Tuesday, September 18, 2007


Eagle Bits

More news and notes from EWU. A top 25 ranking, heavy metal in Montana and an economist weighs in on the mortgage mess.

start something big.

From our own Sports Information office:
A 2-0 start -- including a 41-31 victory over UC Davis last Saturday (Sept. 15) -- has earned Eastern Washington its first national ranking since 2005 in The Sports Network NCAA Football Championships Subdivision top 25 poll of sportswriters, broadcasters and sports information directors released Monday (Sept. 17).

From the Great Falls Tribune:
Havre-based metal band Martriden knows a thing or two about composing extreme music. That knowledge has allowed them to reach unheard of heights for a Montana-based metal group, even though they have played only a few live shows in the state.
The band's quick rise to international metal ranks was thanks in large part to the Internet, which has allowed them to showcase their tunes to a mass audience.
Kyle Howard is joined by his brother Shane Howard and Will Thackery on guitar, Chad Baumgardner on bass and Michael Cook on vocals...Thackery currently is finishing his degree in music at Eastern Washington University in Cheney.

And from the Spokesman Review:
No subprime crisis - yet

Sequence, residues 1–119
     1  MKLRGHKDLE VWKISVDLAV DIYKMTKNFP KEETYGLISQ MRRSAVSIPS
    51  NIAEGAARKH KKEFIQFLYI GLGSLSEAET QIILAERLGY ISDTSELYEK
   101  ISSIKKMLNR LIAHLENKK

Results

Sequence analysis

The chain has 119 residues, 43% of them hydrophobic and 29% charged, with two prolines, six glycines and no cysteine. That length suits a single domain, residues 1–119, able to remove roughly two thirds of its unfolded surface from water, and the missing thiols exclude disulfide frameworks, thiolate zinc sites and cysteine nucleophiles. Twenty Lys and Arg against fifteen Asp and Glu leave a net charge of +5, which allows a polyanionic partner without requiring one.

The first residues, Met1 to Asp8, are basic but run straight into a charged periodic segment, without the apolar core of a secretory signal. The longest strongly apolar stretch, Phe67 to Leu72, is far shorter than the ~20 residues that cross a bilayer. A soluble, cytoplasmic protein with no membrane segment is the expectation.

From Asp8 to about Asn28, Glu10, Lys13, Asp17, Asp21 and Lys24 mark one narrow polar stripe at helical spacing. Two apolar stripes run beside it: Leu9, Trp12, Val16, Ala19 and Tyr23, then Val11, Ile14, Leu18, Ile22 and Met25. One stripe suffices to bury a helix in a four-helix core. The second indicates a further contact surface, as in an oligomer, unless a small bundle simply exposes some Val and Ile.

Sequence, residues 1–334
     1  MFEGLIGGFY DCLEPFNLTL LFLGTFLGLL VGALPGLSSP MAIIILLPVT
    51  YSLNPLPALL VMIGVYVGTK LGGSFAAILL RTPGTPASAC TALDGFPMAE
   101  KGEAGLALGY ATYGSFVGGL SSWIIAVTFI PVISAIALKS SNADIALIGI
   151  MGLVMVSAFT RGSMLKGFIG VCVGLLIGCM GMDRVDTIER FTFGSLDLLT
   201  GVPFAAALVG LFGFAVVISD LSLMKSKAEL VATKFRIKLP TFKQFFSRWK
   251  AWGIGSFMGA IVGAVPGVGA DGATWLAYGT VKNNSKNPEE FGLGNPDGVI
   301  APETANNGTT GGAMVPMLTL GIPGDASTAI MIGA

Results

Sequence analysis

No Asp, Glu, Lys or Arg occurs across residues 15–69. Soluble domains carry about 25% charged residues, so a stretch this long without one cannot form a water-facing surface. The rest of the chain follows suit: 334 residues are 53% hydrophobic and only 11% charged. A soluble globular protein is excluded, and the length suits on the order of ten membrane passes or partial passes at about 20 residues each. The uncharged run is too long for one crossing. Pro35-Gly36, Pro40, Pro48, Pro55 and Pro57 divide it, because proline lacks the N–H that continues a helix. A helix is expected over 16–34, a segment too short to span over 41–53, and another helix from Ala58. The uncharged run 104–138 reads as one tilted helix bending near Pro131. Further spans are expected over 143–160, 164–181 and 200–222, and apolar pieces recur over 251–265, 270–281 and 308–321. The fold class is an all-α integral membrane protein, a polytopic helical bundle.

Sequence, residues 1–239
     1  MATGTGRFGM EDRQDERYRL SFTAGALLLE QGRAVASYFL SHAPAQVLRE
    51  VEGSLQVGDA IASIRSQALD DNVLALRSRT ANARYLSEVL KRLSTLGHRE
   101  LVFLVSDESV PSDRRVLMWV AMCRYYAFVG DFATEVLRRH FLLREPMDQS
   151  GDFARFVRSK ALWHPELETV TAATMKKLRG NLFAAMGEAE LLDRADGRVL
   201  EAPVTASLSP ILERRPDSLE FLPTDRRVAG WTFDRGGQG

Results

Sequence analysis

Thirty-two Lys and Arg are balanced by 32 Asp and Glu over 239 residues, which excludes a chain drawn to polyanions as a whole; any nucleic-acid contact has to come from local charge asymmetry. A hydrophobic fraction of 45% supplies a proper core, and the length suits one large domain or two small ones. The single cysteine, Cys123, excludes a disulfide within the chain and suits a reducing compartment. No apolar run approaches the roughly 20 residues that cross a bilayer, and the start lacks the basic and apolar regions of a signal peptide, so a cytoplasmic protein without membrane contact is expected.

Spokane keeps waiting to see if the credit crunch afflicting the mortgage industry across the country will spread to the Northwest. The region has averted the calamity caused by subprime meltdown elsewhere. The strong underpinnings of the state economy, highlighted by software, aerospace and even the robust prices and brisk exports of agricultural products, has helped keep the calm here.
“All this considered, the market here is still doing pretty well,” said Grant Forsyth, an Eastern Washington University economist and incoming chairman of The Real Estate Research Committee, which twice a years publishes the comprehensive Real Estate Report.
Nice homes that are priced right continue to sell quickly. In Spokane County there are 3,240 listings, about 26 percent more than a year ago. Those with a higher price tag need extra work, though, Forsyth noted, “people from outside are still kind of astonished about what you can get for your money and how modest the taxes are.”
He noted that the area’s economy continues to perform, even if job growth has slowed a bit from its previous torrid pace. “There’s no shame in that,” he said. “Things have been better here than in the United States (as a whole).”
Job and income growth are partly tied to area construction, and Forsyth said that as home-building ebbs there has been a surge in commercial construction work. Part of that, he acknowledged, has been driven by exceptionally low interest rates.
“The danger, what everyone is concerned about, is what happens if banks tighten or withdraw credit for commercial construction?”
It’s too early to tell if that will happen, Forsyth said.

Blog Editor's Note: Article on subprime crisis also mentions the fact that in 2008, many adjustable rate mortgages, or ARM's, will see their fixed rates expire and variable rates will kick in...so stay tuned.

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